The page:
I recently looked back at Judith Butler’s response to her having been awarded a “prize” for writing in an especially non-commonsensical style. She observes that the recipients—or “targets,” as she aptly redescribes—of such a prize “have been restricted to scholars on the left whose work focuses on topics like sexuality, race, nationalism and the workings of capitalism.” This then raises “a serious question about the relation of language and politics: why are some of the most trenchant social criticisms often expressed through difficult and demanding language?” Continue reading “Anger’s Nonidentity / Occasion Against Universality”
Heresy with regard to the beginning is present in the story of the beginning, it is right there at the creation of the world, as if the writer of Genesis were haunted by the universe. This biblical text wants to tell us about the creative act with which God began the world, but it cannot do so without telling us about what was already there, before the beginning. “In the beginning when God created the heavens and the earth, the earth was a formless void and darkness covered the face of the deep.” We can easily imagine this deep as an indication of the Black that was there in the beginning. Soon after, God utters light into existence and sees “that the light was good.” God “separated the light from the darkness,” and thus begins the war of light and darkness, the opposition that can never be settled, precisely because the two opposed sides belong to one another. They belong together as effects of God. Light and darkness are separated but this separation points to a common origin. They belong to one another, even when they oppose one another, because they both belong to God. But does God belong to anything? Or is there anything that does not belong to God? Continue reading ““Whylessness” Excerpt”
Last I checked, it is the final week of 2010, which means it is time for every publication and blog to issue its annual Best Ofs and Round Ups. If time and attention allow it, we at AUFS will be no different. (We may be the most powerful theology blog on the block, but with such power comes great responsibility & expectations. My fart jokes simply will not cut it.) Of this time-honored genre, the internet has a special fondness for ranking music. That the internet has made so much different music so readily available at a moment’s notice makes this understandable and maybe even a little appropriate.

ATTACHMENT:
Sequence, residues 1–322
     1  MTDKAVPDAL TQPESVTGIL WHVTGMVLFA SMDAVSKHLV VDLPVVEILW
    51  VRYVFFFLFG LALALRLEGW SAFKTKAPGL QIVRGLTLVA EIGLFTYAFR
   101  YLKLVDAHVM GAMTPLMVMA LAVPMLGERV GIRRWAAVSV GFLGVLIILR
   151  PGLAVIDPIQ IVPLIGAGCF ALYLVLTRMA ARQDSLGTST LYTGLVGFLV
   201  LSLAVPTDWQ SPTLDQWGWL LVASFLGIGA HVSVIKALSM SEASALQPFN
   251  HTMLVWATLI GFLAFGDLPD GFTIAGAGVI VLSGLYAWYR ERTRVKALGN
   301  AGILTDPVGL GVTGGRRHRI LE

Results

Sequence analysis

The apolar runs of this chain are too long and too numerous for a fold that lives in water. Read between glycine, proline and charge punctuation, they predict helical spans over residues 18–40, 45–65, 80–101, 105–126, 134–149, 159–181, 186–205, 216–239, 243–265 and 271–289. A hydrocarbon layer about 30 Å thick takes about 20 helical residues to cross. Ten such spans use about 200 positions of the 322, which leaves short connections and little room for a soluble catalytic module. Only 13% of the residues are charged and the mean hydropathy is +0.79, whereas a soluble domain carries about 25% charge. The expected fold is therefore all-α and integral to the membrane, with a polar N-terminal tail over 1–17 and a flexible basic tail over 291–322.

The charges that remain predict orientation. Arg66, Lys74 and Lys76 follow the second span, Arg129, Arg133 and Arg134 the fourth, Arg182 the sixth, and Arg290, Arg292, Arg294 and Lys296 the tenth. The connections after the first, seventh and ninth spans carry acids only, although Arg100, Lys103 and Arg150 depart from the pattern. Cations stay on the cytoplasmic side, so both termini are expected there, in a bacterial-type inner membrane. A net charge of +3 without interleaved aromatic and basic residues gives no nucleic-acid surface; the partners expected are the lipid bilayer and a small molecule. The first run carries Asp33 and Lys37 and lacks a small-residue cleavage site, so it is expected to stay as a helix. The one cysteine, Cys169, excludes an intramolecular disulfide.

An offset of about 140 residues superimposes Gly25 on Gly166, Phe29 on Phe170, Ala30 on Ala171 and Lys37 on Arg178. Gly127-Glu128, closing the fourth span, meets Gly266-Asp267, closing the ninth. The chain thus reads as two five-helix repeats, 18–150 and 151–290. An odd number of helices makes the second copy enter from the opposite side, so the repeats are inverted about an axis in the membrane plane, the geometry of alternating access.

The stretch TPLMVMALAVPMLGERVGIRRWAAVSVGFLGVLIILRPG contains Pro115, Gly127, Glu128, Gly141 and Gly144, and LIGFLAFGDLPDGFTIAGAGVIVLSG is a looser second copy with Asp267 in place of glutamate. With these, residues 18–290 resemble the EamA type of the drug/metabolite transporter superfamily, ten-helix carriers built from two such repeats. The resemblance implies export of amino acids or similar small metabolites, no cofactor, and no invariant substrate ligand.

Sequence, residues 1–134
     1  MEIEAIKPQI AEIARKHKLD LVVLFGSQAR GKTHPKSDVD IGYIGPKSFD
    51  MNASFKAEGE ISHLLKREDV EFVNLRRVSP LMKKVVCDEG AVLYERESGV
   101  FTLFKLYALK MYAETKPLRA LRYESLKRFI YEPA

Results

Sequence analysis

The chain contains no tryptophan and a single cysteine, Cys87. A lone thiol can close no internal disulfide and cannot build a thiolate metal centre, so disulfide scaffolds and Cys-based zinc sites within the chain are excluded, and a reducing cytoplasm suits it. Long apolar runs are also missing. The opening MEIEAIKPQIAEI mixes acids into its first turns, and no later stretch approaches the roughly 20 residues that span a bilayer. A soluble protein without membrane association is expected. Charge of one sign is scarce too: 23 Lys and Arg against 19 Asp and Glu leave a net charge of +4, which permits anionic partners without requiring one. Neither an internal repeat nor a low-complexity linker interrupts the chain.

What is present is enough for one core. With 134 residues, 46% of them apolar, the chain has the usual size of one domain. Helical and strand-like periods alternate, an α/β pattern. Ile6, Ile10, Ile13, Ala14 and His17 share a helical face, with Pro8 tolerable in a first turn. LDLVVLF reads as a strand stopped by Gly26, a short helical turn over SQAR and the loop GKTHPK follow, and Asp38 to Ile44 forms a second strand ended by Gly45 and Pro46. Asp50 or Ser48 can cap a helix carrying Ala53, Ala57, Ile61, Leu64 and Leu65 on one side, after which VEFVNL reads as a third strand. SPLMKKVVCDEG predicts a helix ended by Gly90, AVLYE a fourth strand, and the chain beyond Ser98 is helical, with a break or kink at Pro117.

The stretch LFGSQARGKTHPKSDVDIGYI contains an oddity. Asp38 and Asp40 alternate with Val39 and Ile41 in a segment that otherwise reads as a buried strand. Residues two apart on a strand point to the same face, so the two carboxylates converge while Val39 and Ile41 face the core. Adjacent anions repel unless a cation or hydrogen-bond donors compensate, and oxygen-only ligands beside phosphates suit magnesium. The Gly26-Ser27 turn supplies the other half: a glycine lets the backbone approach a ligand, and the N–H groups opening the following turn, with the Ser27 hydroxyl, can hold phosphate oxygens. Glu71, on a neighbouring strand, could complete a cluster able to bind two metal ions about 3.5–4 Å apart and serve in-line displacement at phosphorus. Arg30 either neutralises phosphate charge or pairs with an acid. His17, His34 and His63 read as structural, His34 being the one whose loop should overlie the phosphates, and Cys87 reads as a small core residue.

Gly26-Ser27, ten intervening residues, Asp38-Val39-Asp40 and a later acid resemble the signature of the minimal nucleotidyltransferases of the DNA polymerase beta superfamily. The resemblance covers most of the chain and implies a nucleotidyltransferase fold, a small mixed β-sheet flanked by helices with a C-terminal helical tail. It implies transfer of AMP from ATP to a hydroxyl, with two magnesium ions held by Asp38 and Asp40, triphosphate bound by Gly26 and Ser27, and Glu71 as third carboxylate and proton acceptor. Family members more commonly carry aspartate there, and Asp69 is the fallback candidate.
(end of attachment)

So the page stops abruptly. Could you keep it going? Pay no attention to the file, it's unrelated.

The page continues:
While it is by no means unanimous, one of the clear favorites this year is Kanye West’s “My Beautiful Dark Twisted Fantasy.” Now, don’t get me wrong: I like this album. I like it a lot, even. Indeed, should I assemble a “10 Favorite Albums of 2010” list (I would be incapable of ranking these ten – another of my many moral failings), it might very well be one of them. Consequently, I have no qualms with Pitchfork deeming it the best album of the year. A reasonable choice, I say, given their tastes, audience, etc. Where I depart from the corporately cool taste makers, however, is their decision to bestow a perfect-10 score on the album.
In internet-time, this is, of course, old news. I stewed about it a little bit at the time (late-November, right?), but decided to let it go. For some reason, though, I couldn’t help mulling over this matter of perfection. Personally, I have a particular fondness for ambitious imperfection: works whose grasp rival their reach, but slip up in some crucial way. Like a chipped tooth, I savor obsessing over those moments where things don’t quite work for me and/or things go completely off the rails. Or, at the very least, flirt with the breaking-point so decisively that I am forever unsure where or if they actually do so. Now, that’s just me, and I’m certainly not inclined to assert that aesthetic inclination as a kind of universal. My point is that regardless of your own inclination, the very best works are those you have continually to engage, rather than passively enjoy; or, to switch registers slightly, the point is that the best works are those that are just as likely to consume you as you are to consume it.
If this is true, and maybe it’s not, but I think it is, what place (if any) is there for perfection? Don’t get me wrong: I’m not prepared to give up on the idea. It’s just that I think it is something that happens rather by accident, rather than something one achieves (whether by aspiration or not). Moreover, is it just me, or does the assessing of something as ‘perfect’, the fleshing out of the accident, let’s say, take more time than we are these days willing to allow? This isn’t to say that we need necessarily to ‘slow down,’ etc. I’m not making a strong moral argument against the pace of contemporary culture or the speed of internet publishing. Speed has something to do with, but is not fundamental to, the notion that if perfection is applicable at all, it is usually only ever so in retrospect. For is something truly ambitious if one is immediately sure that it not only ‘works’ now, but blazes a new path to future successes and alternative paths unforeseen? One doesn’t need to go along with my affection for the shaggy dogs to agree that if successful ambition takes time to suss out completely, perfection may well take even longer.